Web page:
Lizzo is facing more "hostile" work environment accusations.
Shortly after three of the singer's former dancers filed a lawsuit alleging sexual harassment and weight-shaming, more of Lizzo's former collaborators are speaking out about their own experiences.
Filmmaker Sophia Nahli Allison said she underwent mistreatment while she was briefly director of the 2022 documentary Love, Lizzo. "In 2019, I traveled a bit with Lizzo to be the director of her documentary," Sophia tweeted on Aug. 1. "I walked away after about 2 weeks. I was treated with such disrespect by her."
Calling the Grammy winner "arrogant, self-centered and unkind," Sophia said she was thankful to have walked away when she did.
"I was not protected and was thrown into a s--ty situation with little support," Sophia added. "My spirit said to run as fast as you f--king can and I'm so grateful I trusted my gut. I felt gaslit and was deeply hurt, but I've healed."
E! News has reached out to Lizzo's rep for comment on the allegation and has not heard back.
While showing support to plaintiffs Crystal Williams, Arianna Davis and Noelle Rodriguez, Sophia slammed Lizzo in a follow-up tweet accusing her of cultivating an "extremely toxic and hostile working environment" that "undermines the work, labor, and authority of other Black and brown womxn in the process."
She then referenced Doug Pray, the filmmaker who replaced her on the project, adding in parenthesis, "Notice how the documentary ended up being directed by a cis white man."
Sophia called out Lizzo for her past as a champion for body positivity and self-love, stating the singer was a "narcissist bully" who "built her brand off of lies." She added, "I was excited to support and protect a Black woman through the documentary process but quickly learned her image and 'message' was a curated facade."
Courtney Hollinquest, another former dancer who is not part of the lawsuit, further noted on her Instagram Story that the allegations raised against Lizzo were "very much my experience in my time there."
Lizzo's former creative director Quinn Whitney Wilson also reposted Courtney's message, praising the three dancers for sharing their side of the story.
"I haven't been apart of that world for around three years, for a reason," Quinn wrote on her Instagram Story. "I very much applaud the dancers courage to bring this to light. and I grieve parts of my own experience."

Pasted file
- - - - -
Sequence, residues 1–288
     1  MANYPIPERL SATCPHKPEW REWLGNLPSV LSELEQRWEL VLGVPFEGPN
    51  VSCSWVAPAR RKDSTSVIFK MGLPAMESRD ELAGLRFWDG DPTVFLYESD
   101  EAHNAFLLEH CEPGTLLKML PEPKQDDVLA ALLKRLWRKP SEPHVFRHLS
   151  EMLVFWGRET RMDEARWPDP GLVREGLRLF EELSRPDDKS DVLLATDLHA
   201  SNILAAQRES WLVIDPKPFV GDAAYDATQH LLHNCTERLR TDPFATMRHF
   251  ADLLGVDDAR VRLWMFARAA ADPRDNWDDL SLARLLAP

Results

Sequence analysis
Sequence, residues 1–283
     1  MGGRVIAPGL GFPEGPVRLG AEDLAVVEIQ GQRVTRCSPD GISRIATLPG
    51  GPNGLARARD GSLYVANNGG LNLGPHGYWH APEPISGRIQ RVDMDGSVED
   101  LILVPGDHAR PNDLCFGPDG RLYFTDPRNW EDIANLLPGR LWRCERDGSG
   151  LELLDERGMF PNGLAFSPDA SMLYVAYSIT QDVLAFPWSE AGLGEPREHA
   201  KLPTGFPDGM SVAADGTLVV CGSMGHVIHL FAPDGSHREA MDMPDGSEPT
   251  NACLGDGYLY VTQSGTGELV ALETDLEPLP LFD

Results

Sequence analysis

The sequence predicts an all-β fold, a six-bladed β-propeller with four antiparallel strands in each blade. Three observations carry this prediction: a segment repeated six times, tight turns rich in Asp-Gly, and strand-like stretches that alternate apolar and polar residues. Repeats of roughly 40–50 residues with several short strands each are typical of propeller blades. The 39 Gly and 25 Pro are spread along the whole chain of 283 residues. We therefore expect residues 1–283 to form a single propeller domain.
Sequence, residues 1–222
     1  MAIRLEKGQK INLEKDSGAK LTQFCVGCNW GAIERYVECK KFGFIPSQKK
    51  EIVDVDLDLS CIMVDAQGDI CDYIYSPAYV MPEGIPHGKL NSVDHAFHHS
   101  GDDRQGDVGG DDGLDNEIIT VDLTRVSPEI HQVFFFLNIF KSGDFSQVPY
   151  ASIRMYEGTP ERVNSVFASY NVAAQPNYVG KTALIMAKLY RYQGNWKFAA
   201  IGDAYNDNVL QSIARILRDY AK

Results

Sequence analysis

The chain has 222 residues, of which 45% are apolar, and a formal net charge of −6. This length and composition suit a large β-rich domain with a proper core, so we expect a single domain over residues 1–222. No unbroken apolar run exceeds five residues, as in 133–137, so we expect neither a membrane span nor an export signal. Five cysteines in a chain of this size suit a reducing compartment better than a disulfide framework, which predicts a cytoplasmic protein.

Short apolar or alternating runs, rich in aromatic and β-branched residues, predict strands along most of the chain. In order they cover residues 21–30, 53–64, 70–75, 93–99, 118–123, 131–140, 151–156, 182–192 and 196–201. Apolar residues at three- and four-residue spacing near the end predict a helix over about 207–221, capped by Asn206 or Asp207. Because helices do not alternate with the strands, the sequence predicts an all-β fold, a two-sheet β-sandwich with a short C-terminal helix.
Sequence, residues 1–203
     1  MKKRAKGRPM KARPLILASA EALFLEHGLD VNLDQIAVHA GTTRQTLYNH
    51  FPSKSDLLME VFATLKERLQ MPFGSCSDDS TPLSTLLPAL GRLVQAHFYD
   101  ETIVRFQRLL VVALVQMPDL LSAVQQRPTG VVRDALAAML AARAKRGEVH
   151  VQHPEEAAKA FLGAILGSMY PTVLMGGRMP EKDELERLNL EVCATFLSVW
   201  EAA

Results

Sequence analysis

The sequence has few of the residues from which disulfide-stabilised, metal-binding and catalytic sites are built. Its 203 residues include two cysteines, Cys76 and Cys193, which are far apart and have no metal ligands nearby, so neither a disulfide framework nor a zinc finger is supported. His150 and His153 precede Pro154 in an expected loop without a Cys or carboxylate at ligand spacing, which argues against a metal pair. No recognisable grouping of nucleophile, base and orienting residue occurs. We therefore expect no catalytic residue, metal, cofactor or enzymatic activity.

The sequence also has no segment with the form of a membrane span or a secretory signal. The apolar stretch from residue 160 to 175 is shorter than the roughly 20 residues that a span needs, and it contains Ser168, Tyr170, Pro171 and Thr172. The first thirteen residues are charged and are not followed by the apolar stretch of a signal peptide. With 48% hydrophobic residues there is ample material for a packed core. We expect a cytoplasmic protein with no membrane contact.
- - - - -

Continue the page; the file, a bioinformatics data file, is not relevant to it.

Referencing their shared experience, Courtney then sent a message back to Quinn, writing in a separate post, "my sister forever only a few know what we've been through … love u Quinn."
In addition to Lizzo, the dancers are also suing her production company Big Grrrl Big Touring and dance captain Shirlene Quigley, who they alleged would proselytize about her Christian views and overshare "detailed stories about her masturbatory habits and sexual fantasies."
E! News reached out to Lizzo's rep and Quigley for comment on the lawsuit but hasn't heard back.
Another alleged incident listed in the lawsuit included a February 2023 visit to Amsterdam's Red Light District, where Lizzo arranged for a group outing at an adult club, which the dancers said they felt obligated to attend. During the night, the plaintiffs accused Lizzo of "inviting cast members to take turns touching the nude performers," as well as pressuring Arianna to participate when the dancer said she repeated three times her desire not to.
A few months later, Arianna said in the lawsuit that she was confronted by Lizzo and choreographer Tanisha Scott of not being committed to her job, which, to the dancer, felt like "thinly veiled concerns" about her weight gain. Even though the sentiments were never explicitly mentioned, Arianna said in the lawsuit that she felt like she "needed to explain her weight gain and disclose intimate personal details about her life in order to keep her job."
The dancers are seeking damages for emotional distress, unpaid wages, loss of earnings and attorney's fees.